Skip to main content

Psychologist Steven Pinker.Max S. Gerber

In a violent world, Steven Pinker is bound to stand out – precisely because he rejects the prevailing view that this is a violent world. In his optimistic and contrarian book The Better Angels of Our Nature, the 58-year-old, Montreal-born Harvard University psychologist presents a compelling argument from history that violence is in steep decline, and that the human species has never had it so good. On Tuesday, he will bring his unfashionably comforting perspective to the Grano Speaker Series in Toronto, in a talk titled A History of Violence – a subject he addressed with calm consideration in an interview with The Globe and Mail.

You describe a world that is much less violent than the one we experience. Where does this disconnection come from?

If you get your impression of the state of the world from the news, you're going to be misled. Because news is about stuff that happens, not stuff that doesn't happen. As long as rates of violence don't fall to zero, which they never will, there are always enough individual incidents to fill the evening news. It's the policy of the news business to focus on mayhem and gore and things blowing up. When you combine that with the fact that the human mind doesn't naturally do statistics well – we're more impressed by vivid anecdotes – then you get a systematically misleading impression of how violent the world is.

You're at Harvard – what kind of perspective do you have on the Boston bombings?

Terrorist bombings, like rampage shootings, are events that maximize the amount of publicity per amount of damage. That's why people do them, because they know they will set off a media frenzy. But in terms of the probability of dying in a violent act, both terrorism and shootings are quite minor causes. In the United States every day, more than 40 people are killed in acts of violence, which overshadows the casualties in a terrorist attack like the Boston bombing. But the media don't dwell on the 40 people across the country that are killed each day – instead, you get round-the-clock coverage of an event that is flamboyant and seemingly inexplicable.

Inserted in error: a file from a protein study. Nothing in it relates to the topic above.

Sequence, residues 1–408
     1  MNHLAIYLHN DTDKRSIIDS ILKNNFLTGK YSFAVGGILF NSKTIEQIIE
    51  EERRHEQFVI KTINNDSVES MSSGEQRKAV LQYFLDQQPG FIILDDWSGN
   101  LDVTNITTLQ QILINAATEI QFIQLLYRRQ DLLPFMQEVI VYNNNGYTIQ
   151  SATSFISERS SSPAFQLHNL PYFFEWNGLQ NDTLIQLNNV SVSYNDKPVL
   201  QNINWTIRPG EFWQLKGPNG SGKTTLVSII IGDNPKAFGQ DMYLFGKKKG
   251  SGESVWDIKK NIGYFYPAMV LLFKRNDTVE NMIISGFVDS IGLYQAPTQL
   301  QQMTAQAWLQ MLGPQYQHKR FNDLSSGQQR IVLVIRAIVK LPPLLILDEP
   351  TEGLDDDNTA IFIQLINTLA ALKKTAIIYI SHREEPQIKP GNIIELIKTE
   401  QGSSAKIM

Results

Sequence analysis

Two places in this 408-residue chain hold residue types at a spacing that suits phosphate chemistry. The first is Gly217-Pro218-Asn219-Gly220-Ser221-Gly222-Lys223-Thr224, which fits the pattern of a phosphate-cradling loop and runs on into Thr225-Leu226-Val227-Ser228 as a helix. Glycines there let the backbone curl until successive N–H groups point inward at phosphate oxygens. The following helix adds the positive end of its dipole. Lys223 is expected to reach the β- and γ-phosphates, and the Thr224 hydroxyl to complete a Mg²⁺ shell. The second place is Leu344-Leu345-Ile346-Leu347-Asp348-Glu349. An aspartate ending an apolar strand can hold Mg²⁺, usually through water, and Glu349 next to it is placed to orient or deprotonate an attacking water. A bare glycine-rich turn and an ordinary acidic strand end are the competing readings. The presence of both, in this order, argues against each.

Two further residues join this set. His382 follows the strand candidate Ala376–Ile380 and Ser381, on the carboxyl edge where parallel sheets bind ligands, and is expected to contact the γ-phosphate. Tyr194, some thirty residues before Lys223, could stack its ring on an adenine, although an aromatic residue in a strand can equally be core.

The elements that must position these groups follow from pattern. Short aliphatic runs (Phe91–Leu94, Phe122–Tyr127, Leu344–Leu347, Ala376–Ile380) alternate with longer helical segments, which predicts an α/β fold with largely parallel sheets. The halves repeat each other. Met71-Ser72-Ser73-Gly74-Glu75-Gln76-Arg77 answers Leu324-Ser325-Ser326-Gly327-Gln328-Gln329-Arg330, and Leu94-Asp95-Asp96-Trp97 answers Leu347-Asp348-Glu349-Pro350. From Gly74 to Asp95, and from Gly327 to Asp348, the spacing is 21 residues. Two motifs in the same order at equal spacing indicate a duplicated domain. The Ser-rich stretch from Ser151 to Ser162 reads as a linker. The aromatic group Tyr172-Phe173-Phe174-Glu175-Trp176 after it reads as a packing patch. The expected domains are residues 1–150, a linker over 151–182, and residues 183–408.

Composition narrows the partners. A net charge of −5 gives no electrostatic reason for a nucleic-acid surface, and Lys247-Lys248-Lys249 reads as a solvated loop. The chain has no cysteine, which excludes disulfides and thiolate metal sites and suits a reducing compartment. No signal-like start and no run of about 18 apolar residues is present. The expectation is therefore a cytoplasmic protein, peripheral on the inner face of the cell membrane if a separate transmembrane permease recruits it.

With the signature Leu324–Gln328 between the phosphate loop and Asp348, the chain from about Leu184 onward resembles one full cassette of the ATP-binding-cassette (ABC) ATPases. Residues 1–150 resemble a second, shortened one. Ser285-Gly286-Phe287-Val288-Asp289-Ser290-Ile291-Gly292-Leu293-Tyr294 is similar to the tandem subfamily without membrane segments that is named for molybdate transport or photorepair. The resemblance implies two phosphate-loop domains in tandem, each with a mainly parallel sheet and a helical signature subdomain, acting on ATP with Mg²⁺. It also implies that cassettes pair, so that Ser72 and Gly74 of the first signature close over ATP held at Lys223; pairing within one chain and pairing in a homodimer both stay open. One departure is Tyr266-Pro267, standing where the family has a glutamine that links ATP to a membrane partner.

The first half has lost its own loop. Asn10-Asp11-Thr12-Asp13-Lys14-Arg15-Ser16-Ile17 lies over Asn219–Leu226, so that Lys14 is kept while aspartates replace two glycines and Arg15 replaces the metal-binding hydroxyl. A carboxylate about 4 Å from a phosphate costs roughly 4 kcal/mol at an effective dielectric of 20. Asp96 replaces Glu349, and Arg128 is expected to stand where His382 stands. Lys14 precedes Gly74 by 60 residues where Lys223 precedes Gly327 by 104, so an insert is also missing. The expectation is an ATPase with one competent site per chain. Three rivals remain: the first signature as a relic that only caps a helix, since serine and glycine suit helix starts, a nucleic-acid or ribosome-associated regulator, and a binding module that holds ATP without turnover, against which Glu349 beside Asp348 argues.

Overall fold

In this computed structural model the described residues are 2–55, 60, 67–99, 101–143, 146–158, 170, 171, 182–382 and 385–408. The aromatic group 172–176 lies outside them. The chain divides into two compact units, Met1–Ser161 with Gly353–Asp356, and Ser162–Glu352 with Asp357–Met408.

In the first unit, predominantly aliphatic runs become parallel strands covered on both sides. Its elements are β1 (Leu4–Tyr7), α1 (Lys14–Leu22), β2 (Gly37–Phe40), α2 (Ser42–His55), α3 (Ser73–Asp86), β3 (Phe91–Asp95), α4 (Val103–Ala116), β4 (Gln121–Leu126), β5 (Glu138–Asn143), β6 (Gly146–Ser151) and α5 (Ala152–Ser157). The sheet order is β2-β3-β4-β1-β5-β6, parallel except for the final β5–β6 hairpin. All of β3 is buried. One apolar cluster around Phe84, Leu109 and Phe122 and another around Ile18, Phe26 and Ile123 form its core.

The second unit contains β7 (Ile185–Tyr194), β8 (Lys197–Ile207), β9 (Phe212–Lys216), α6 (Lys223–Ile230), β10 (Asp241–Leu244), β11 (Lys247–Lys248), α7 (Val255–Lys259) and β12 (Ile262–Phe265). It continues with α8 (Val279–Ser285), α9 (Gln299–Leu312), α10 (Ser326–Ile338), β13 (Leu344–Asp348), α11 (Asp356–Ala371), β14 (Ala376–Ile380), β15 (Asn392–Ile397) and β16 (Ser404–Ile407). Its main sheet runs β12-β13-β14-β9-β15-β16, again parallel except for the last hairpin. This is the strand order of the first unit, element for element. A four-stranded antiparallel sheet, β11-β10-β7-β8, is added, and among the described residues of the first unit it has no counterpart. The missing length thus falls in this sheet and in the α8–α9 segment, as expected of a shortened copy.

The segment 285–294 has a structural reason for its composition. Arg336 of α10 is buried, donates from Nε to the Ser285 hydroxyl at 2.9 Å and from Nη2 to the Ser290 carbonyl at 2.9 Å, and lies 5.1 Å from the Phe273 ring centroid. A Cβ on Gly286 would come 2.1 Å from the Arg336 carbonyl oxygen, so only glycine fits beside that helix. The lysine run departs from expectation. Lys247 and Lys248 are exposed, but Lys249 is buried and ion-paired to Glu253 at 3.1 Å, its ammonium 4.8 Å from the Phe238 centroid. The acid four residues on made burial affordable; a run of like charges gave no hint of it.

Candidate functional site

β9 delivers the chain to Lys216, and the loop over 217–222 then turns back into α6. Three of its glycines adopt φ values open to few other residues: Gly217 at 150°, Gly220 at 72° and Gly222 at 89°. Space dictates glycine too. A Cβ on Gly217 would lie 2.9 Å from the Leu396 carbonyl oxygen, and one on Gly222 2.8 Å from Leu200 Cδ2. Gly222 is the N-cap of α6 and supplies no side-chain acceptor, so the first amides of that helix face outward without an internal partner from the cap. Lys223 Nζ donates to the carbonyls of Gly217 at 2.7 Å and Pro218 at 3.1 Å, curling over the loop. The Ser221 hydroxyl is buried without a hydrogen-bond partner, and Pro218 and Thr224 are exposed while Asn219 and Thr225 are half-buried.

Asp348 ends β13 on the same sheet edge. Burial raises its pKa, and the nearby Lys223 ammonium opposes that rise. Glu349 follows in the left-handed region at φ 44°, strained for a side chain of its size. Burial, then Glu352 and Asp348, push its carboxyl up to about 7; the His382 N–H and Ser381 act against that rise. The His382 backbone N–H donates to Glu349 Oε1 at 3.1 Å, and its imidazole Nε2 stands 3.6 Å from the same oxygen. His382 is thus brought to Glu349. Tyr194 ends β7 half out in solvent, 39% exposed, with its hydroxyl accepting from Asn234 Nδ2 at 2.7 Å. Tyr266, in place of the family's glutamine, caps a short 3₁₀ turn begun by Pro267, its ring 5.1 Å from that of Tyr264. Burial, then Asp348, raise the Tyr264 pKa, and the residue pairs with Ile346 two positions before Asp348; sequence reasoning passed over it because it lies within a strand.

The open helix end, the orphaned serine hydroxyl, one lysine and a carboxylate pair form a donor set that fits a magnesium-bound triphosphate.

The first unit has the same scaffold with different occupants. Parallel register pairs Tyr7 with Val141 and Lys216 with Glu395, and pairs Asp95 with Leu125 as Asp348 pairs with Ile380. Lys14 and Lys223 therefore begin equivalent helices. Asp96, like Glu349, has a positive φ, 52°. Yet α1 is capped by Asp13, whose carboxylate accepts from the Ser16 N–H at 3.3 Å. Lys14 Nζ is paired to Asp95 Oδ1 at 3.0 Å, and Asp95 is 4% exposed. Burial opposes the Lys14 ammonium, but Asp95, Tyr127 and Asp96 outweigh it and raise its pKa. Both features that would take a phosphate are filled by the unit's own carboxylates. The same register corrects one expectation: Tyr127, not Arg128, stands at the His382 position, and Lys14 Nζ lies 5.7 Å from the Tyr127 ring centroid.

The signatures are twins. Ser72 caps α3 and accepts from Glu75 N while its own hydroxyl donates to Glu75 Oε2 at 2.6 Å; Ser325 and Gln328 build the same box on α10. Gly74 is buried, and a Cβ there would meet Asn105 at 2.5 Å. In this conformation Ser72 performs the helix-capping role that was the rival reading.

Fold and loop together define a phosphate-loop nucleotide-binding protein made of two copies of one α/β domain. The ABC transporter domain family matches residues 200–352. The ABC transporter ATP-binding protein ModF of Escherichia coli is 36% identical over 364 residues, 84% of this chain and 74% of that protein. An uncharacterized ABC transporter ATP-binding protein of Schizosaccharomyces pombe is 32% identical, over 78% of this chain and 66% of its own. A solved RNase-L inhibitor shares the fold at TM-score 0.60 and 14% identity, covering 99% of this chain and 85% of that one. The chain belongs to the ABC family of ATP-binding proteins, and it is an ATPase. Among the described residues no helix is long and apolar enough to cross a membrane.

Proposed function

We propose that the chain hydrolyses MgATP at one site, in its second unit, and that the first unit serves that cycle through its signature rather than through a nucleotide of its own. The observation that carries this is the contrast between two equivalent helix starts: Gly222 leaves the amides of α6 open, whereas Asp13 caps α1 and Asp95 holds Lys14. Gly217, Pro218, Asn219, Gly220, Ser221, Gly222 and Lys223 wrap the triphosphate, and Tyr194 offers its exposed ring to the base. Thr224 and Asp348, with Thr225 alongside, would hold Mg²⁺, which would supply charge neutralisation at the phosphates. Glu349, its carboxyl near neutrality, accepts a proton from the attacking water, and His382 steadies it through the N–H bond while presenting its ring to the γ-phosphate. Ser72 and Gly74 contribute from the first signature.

Your critics point out that there has been vast amount of carnage in the modern world.

That's true, but there were a lot of deaths in other centuries too. In the 19th century, there was the Taiping Rebellion in China, which killed 20 million people, the Napoleonic wars, the conquests of Shaka. In prior centuries, there were the Mongol invasions, the Crusades.

The past as you describe it was certainly more accepting of casual, everyday violence.

You can be reading a quite innocuous history of Shakespeare's time and as an aside they mention that Catholics had to worry about being publicly disembowelled. How could this be? We don't necessarily empathize with every living thing on Earth. We care about our children, our friends, our loved ones and allies. People outside our natural circle are very easily dehumanized. We have to acquire the ability to expand the circle of empathy so that we can embrace people who are not naturally our allies or close relatives or other elicitors of sympathy like cute baby animals.

Among the factors you cite for the decline of violence is the rise of strong central government – an institution we don't often think of as promoting empathy.